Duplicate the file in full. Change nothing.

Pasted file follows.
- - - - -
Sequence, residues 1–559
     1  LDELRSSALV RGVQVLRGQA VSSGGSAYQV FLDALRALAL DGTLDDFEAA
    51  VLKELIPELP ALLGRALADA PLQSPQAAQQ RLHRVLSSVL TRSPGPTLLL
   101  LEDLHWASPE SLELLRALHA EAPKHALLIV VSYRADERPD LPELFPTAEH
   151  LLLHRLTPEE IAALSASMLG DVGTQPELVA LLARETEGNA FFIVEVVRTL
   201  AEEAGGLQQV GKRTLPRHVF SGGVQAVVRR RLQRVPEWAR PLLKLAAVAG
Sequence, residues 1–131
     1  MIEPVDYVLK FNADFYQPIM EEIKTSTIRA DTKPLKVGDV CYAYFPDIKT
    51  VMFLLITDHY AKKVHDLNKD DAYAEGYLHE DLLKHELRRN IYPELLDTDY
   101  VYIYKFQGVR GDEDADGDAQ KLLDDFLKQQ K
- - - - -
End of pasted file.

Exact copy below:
Sequence, residues 1–559
     1  LDELRSSALV RGVQVLRGQA VSSGGSAYQV FLDALRALAL DGTLDDFEAA
    51  VLKELIPELP ALLGRALADA PLQSPQAAQQ RLHRVLSSVL TRSPGPTLLL
   101  LEDLHWASPE SLELLRALHA EAPKHALLIV VSYRADERPD LPELFPTAEH
   151  LLLHRLTPEE IAALSASMLG DVGTQPELVA LLARETEGNA FFIVEVVRTL
   201  AEEAGGLQQV GKRTLPRHVF SGGVQAVVRR RLQRVPEWAR PLLKLAAVAG
Sequence, residues 1–131
     1  MIEPVDYVLK FNADFYQPIM EEIKTSTIRA DTKPLKVGDV CYAYFPDIKT
    51  VMFLLITDHY AKKVHDLNKD DAYAEGYLHE DLLKHELRRN IYPELLDTDY
   101  VYIYKFQGVR GDEDADGDAQ KLLDDFLKQQ K